The pistons 20 before described are effective for accomplishing the downward movement of the H beam 21 and producing the working stroke of the press. For effecting a return movement of the parts, there is provided the pull back cylinder 28 cooperating with each of the hydraulic cylinders 18 and directly secured thereto in superimposed relationship. Mounted in each of the pull back cylinders is a piston 29, the upper end of which cooperates with a cross head 30 from which extend tie rods 31. These tie rods are herein illustrated as extending through the openings 19, through openings 32 in the base flanges 33 of the hydraulic cylinders and through suitable aligned openings in the piston heads 34 and the upper flange of the H beam 21, the upper and lower ends of the rods 31 being secured respectively to the yokes 30 and the H beam 21. Due to this construction, when fluid is admitted to the lower ends of the pull back cylinders, the pistons therein will be raised to the position illustrated in Figure 8, and the bending die drawn from its dotted line position of Figure '7 to its full line position ready for a succeeding bending operation.
It is to be noted that we have herein illustrated the H beam, which may be considered as constituting the platen or plunger of the press, as adapted to be moved by the combined action of five hydraulic cylinders 18 suitably spaced length wise thereof, and as movable to upper position by an equal number of pull back cylinders. For obvious reasons it is desirable to synchronize the movement of the hydraulic pistons in the various cylinders, and to this end I provide a shaft 35 ex tending lengthwise of the platen and mounted in suitable bearings 36 carried thereby. At each end, the shaft 35 is provided with a pinion 3'7 adapted to mesh with a rack 38 secured to a bracket 39 carried by a suitable brace 10 extending transversely between the pairs of corner posts 5. By reason of this construction, the opposite ends of the platen are caused to move substantially equal amounts, any differences being such as permitted only by torsion in the shaft 35. By making the shaft of proper dimensions, however, such torsion may be substantially eliminated.
Cooperating with and opposed to the brackets 39 are similar brackets 41 having bearing plates 42 adapted to cooperate with guide plates 43 on 1.:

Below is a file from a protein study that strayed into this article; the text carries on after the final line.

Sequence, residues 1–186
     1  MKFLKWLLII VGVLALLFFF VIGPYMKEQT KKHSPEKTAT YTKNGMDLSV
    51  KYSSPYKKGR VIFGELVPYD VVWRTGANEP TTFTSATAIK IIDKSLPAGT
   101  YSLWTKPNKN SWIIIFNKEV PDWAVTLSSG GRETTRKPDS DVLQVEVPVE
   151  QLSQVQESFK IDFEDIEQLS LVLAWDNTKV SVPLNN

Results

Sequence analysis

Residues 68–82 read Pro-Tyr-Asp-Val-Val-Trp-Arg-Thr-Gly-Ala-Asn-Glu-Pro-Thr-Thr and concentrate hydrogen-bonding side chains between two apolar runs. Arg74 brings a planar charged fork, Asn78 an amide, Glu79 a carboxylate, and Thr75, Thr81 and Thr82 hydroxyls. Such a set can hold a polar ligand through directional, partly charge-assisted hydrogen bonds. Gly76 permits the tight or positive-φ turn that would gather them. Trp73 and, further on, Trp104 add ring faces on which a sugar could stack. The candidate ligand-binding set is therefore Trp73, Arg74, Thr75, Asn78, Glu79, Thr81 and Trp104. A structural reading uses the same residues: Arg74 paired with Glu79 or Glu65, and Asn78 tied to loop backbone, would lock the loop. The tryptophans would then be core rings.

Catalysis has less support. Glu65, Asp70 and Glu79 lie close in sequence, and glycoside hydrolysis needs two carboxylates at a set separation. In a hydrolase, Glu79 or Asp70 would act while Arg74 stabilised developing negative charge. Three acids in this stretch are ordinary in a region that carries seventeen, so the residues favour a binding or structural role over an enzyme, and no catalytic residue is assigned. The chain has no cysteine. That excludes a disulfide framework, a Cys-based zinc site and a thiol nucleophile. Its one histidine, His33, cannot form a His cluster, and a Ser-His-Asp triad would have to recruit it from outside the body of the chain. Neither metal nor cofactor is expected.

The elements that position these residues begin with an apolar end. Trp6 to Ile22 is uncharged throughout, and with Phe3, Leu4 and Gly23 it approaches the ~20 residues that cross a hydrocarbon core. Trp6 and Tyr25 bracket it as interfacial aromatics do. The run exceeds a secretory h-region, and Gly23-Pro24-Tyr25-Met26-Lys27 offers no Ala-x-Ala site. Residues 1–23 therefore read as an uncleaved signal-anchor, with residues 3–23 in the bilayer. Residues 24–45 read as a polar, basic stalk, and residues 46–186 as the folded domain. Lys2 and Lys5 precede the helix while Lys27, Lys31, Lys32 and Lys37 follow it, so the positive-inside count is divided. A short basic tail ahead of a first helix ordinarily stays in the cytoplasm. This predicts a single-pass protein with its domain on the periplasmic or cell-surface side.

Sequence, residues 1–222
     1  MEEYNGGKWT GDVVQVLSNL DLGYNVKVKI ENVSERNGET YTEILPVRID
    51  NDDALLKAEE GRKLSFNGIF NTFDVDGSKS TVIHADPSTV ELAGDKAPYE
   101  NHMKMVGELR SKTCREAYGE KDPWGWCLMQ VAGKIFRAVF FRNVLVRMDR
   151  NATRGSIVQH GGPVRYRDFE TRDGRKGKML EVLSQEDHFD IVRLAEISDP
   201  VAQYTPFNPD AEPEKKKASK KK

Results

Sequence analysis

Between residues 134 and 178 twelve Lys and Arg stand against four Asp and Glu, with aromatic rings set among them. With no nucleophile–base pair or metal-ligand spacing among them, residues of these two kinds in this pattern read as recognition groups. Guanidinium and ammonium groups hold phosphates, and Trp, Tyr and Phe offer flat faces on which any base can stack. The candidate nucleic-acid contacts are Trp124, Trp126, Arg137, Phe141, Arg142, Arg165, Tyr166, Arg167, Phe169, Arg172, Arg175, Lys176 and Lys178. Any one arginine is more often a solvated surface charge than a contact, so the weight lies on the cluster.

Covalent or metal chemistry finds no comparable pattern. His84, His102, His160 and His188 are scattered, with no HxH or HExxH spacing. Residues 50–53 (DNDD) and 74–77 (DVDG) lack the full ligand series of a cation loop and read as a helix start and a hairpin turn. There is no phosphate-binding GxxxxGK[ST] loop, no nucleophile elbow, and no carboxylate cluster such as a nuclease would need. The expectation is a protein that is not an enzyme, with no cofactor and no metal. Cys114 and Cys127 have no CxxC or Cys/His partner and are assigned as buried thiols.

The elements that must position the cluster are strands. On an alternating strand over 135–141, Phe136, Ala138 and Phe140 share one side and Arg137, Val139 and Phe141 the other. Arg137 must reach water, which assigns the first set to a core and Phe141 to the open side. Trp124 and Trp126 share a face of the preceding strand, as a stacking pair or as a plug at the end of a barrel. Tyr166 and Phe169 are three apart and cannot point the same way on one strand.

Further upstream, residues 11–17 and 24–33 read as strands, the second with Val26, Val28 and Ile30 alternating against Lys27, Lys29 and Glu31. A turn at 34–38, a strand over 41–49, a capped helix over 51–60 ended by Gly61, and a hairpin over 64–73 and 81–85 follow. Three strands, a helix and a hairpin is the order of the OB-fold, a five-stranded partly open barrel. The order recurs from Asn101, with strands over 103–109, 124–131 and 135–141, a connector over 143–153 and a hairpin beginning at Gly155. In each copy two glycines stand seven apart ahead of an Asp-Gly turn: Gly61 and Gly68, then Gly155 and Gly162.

deflection during the operation of the press, they.
are preferably of built up construction. To this end we preferably provide laterally extending Wings 44 preferably integral with the transversely extending plates 6 and '7 before referred to, the
entire plate being punched out to provide the windows or unobstructed spacesbefore described.
For stiffening the end plates, they may have secured thereto tapered plates 45 bolted or riveted in position through the medium of corner angles 46 on their outer sides, these corner angles extending the full height of the end plates, and by inner angles 4'7 adjacent the transverse plates '7 and similar angles 48 adjacent the transverse plates 6. Disposed 0n the opposite sides of the end plates from the tapered plates 45 are angles 49 similar to the anglesfl6 and extending the full height of the end plates. These angles are so mounted that their inwardly projecting flanges lie in the plane of the tapered plates 45 as will be clearly apparent more particularly from Figure 6 of the drawings, whereby they define the sides of the end windows. It will thus be apparent that there are provided corner posts which are braced in each of four directions, thus providing the necessary strength and stiffness without resort to cumbersome castings as heretofore utilized. The smaller space required for such structural posts makes possible the end Windows through which material may befed to or removed from the press,
In Figures 9 and 10 of the drawings there are illustrated connections by means of which the desired operation of the press may be easily obtained. In Figure 9 there is indicated a tank 50 constituting a suitable source of fluid supply having a pipe 51 leading to the inlet of a pump 52. The outlet 53 of the pump is branched, the branch 54 leading to a release valve 55the outlet of which has a connection 56 to the inlet of the pump and effective when the release valve is open for by-passing the pump and thereby preventing the generation of pump pressure in the system. The other branch 5'7 of theoutlet 53 leads toa check valve 58 of such construction as to freely permit the passage of fiuid therethrough in the direcion indicated by the arrow 59, but preventing the passage of fluid in the opposite direction.
The outlet 60 of the check valve communicates with a T 61 having a connection 63 leading to the lower ends of the pull back cylinders 28. The T also has a connection 64 leading to a twoway control valve 65. With the valve in one position it will permit fluid to flow from the pull back cylinders by way of connections 63, T 61 and connection 64 to pipes 66 leading to the hydraulic cylinders 18, thus permitting the pull back cylinders to discharge into the hydraulic cylinders,